Transcripts of 13886_Fizzled_GRB_1080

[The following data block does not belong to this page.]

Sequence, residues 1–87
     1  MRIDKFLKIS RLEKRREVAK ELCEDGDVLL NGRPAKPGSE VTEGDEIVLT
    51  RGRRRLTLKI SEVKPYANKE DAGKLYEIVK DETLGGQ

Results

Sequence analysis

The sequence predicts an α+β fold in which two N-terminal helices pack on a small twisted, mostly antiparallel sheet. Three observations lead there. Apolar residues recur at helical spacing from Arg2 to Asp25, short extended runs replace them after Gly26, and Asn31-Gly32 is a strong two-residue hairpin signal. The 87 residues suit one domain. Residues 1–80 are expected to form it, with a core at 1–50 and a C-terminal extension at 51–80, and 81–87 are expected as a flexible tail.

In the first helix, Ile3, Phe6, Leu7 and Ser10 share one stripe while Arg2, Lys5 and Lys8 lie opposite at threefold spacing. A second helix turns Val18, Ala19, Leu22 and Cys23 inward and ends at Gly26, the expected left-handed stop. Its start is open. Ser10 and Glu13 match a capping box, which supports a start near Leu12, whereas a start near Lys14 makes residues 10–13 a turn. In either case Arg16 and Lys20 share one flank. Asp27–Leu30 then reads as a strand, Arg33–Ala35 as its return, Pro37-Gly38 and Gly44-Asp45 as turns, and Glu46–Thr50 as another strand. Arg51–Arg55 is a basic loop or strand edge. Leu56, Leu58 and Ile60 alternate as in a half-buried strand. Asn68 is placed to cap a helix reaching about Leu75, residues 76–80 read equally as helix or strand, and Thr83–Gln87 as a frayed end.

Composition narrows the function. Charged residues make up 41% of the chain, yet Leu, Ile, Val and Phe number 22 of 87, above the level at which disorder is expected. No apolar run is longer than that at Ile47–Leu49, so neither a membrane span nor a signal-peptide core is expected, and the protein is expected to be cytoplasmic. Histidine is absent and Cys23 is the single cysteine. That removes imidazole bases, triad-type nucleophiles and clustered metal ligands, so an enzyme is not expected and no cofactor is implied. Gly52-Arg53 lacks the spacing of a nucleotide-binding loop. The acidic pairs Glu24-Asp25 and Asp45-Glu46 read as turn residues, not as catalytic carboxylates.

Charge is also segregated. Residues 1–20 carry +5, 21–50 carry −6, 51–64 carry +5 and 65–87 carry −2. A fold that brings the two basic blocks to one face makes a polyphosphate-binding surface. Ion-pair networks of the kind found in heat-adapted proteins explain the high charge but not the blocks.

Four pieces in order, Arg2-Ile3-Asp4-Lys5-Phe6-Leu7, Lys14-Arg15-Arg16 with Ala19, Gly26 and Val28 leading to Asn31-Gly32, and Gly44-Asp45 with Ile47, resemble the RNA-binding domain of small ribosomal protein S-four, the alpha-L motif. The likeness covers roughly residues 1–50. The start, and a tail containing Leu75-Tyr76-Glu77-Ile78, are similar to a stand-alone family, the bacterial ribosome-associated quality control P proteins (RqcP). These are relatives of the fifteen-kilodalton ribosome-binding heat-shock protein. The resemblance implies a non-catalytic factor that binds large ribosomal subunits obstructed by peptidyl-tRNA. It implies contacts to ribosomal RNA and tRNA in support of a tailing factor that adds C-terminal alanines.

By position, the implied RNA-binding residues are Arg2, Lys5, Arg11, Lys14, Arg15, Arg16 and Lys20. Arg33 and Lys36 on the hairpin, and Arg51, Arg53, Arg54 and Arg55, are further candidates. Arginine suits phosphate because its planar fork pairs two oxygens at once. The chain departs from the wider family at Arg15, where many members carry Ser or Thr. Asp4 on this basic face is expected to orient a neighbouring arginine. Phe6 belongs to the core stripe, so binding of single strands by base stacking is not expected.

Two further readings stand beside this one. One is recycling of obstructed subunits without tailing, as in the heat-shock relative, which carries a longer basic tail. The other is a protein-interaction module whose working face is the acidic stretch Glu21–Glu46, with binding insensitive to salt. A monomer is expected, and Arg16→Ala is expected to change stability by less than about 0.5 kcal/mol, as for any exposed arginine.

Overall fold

[Music throughout] NASA’s Fermi Gamma-ray Space Telescope has spotted the shortest burst of gamma rays ever seen from a collapsing star. It challenges the traditional classification of gamma-ray bursts, also called GRBs. Short GRBs – those lasting less than 2 seconds – are thought to occur when orbiting objects like neutron stars spiral together and merge. Longer bursts come from massive stars at the ends of their lives. A black hole forms at the center of the collapsing star. It drives long-lasting jets that drill through the star, producing gamma rays when they emerge. The star then transforms into a supernova. On August 26, 2020, Fermi detected a GRB lasting about 1 second. Instruments on other spacecraft saw it too, including NASA’s Wind and Mars Odyssey missions. They helped narrow down the location to a patch of sky in the constellation Andromeda. Less than a day after the GRB, astronomers identified a fading source of visible light using the Zwicky Transient Facility at Palomar Observatory. This was the burst’s afterglow. NASA’s Swift satellite soon recorded X-rays from it, and within days, ground-based radio telescopes observed it too. After a few weeks, when the afterglow had decayed, ground-based observatories confirmed the presence of a brightening supernova. This means the GRB must have come from a massive collapsing star, not a merger. Astronomers think this burst, called GRB 200826A, was on the verge of not occurring at all. About 6.6 billion years ago, a massive star in a distant galaxy reached the end of its life. Its core collapsed and formed a black hole, which launched near-light-speed particle jets through the star. But just as they breached the surface, the jets shut down, producing a surprisingly brief GRB. Astronomers think it’s likely some short GRBs they’ve detected are misclassified as mergers when, instead, they’re really bursts from jets that nearly failed to drill through collapsing stars. We only detect GRBs when the jets aim in our direction. Even accounting for this, long GRBs still occur at a lower rate than the supernova type associated with them. This means most collapsing massive stars likely fail to produce long-lived jets – dying, at least from the gamma-ray perspective, with a whimper instead of a bang. [NASA]